I have borrowed the copy below from the UK Charity BRAKE and amended where I have wanted to adjust for for our local situation.
What to teach
You aim to cover the road safety ABC below, adapted for the age group you’re working with, as set out below:
- A is for awareness (traffic is dangerous and can hurt people)
- B is for behaviour (things you should do to stay safer)
- C is for choice (how to make safer choices and to help others make these choices too)
Under 8’s can be taught A and B from the age of two upwards. They can be taught rules and encouraged to follow them through practical training. However, under 8’s should not use roads without an adult, and adults should follow the Crossing Code (see below) at all times when on foot with their children. Adults should, at all times, hold children’s hands or use reins with younger children because under 8’s can:
- have difficulty judging speed and distance;
- are easily distracted and act on impulse;
- have difficulty understanding danger and death and are oriented around play;
- are small (so can’t see hazards) and are still developing eyesight and hearing;
- are carefree, not careless;
- should not be allowed to walk near roads on their own for these reasons.
- Over 8’s will have more ability to understand C, and make their own choices based on different options and assessment of risk. However, they need to have A and B re-emphasised to them because over 8’s
- may walk on their own but make mistakes that can cost their lives because of lack of experience;
- are vulnerable to peer pressure from other children to make risky choices, such as running across a road.
A is for awareness: traffic is dangerous and hurts people
You can teach, with increasing frankness as children get older, that:
- Traffic hurts millions of people every year across the world, and someone dies every 30 seconds globally in road crashes.
- People hurt by traffic are often killed and seriously injured. Injuries include paralysis and losing limbs. (Note: many children may think minor injuries such as breaking an arm are okay – you may need to make clear how awful a serious injury is.)
- Some people do dangerous things when walking or cycling, such as texting on their phone while crossing a road, or not wearing a cycle helmet. These people are more likely to be killed or hurt.
- Some drivers do dangerous things, which increase the chance of them killing or hurting themselves or someone else, for example, speeding, or using a phone at the wheel, or driving after drinking alcohol.
- We have laws such as speed limits to stop people being killed or hurt in crashes, but some drivers break them.
B is for behaviour: rules you can follow to stay safe. Children need to be taught the language of road safety before they can understand the rules. For example, names of vehicles, names of street furniture such as pavements and kerbs, and an understanding of fast, slow, looking, listening and crossing. A well-educated child age five may already have a grasp of fundamental road safety rules thanks to their parents. But others may not. Therefore, you should begin with younger children by checking they all understand the following:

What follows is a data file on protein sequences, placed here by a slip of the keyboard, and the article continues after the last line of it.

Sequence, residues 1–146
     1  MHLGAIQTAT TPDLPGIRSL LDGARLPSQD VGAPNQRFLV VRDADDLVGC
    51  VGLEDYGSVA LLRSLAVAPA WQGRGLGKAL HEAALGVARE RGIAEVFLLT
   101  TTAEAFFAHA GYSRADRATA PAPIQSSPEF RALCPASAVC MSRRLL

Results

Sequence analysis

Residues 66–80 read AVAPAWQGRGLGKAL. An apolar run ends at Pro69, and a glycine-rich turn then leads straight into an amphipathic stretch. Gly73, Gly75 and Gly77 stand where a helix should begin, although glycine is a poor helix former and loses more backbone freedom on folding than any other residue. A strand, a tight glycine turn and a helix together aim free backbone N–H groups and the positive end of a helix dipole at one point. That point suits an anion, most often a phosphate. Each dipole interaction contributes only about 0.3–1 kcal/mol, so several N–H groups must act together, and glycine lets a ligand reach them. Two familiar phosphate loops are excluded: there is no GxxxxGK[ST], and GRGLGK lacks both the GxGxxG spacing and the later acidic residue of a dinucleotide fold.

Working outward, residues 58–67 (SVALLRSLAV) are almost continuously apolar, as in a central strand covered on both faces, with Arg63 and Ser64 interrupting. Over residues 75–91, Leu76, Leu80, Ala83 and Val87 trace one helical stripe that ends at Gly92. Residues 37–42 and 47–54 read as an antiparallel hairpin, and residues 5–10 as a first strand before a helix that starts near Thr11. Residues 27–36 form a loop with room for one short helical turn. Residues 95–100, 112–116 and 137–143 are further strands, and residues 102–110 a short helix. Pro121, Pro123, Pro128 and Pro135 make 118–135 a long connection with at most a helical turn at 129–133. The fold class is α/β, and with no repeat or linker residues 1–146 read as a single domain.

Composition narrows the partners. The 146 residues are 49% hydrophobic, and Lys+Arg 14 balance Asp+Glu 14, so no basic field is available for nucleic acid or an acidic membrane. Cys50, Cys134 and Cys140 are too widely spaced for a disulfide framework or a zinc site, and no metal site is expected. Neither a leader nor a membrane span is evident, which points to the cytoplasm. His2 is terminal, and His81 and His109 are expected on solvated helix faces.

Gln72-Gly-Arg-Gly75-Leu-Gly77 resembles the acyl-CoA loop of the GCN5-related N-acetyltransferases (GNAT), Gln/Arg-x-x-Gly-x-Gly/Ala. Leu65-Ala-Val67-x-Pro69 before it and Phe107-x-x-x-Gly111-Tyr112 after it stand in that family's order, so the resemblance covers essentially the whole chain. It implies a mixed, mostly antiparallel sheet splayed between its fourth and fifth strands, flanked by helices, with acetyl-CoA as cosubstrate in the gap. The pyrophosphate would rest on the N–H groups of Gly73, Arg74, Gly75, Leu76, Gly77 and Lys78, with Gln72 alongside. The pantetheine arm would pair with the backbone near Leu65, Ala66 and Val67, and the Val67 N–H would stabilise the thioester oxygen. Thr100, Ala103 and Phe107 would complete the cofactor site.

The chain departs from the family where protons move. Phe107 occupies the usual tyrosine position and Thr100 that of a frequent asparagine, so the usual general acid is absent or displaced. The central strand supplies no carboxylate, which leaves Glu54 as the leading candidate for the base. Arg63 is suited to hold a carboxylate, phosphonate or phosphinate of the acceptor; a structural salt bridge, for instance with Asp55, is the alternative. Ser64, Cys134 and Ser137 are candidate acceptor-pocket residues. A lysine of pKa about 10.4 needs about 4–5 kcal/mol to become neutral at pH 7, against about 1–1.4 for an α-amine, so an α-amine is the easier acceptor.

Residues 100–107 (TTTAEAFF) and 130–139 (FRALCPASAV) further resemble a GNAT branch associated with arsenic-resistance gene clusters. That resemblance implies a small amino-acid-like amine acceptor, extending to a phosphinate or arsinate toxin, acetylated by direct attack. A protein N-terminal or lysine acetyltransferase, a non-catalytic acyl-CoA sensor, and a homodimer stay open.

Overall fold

- Paths/pavements are for people; roads are for traffic.
- Never go out near roads without a grown up. Hold their hand and don’t let go.
- Stop at once if you are told. Never try to cross a road until you are told.
- Never run into the road or play on roads – play in a park, field or garden.
- You can help grown ups look and listen for traffic to cross safely.
- Traffic lights (robots) and other crossings help people cross the road. When a red man appears, it means you must stop.
- You can wear bright clothes to be seen by traffic.
If you ride in a car, never undo your belt and don’t play with door handles or try to get out or distract the driver.
By the age of five, children are ready to learn, in addition to the above:
- The Crossing Code (find a safe place to cross, stop, look, listen, cross with care, looking and listening all the time)
- The safest places to cross: underpasses; footbridges; where there is a crossing-patrol person; traffic light (robot) crossings; zebra crossings.
- The importance of wearing the right gear when walking and cycling.
- Fluorescent and reflective materials help drivers see you, and helmets protect your head.
- In a car, only get out on the pavement side.
- In a bus or coach or minibus, wear your seat belt if one is fitted.
- When getting off, never cross the road in front or behind the bus. Wait until it has pulled away so you can see in all directions.
By the age of 9 and upwards, depending on development, children are ready to explore:
- Bereavement issues and the social impact of road crashes.
- The responsibilities of drivers to protect other people, especially people who are on foot or bicycle.
- The dangers of giving in to peer pressure to take risks.
C is for choice: how to make the safest choices and help others stay safe too
Under-8’s are ill-equipped to make their own choices. However, it is important that older children recognise their ability to make safe choices, recognise pressures they may come under to make dangerous choices and learn how to resist those pressures, and how to speak up for the safety of others too.
Younger children can also be encouraged to think about choices, as long as they are not encouraged to make those choices on their own. All children can be encouraged to speak out against dangerous behaviour, such as children pushing each other into the road, or running across roads without looking, or drivers driving too fast, or people not doing up their seatbelts or not wearing helmets on mopeds or motorbikes.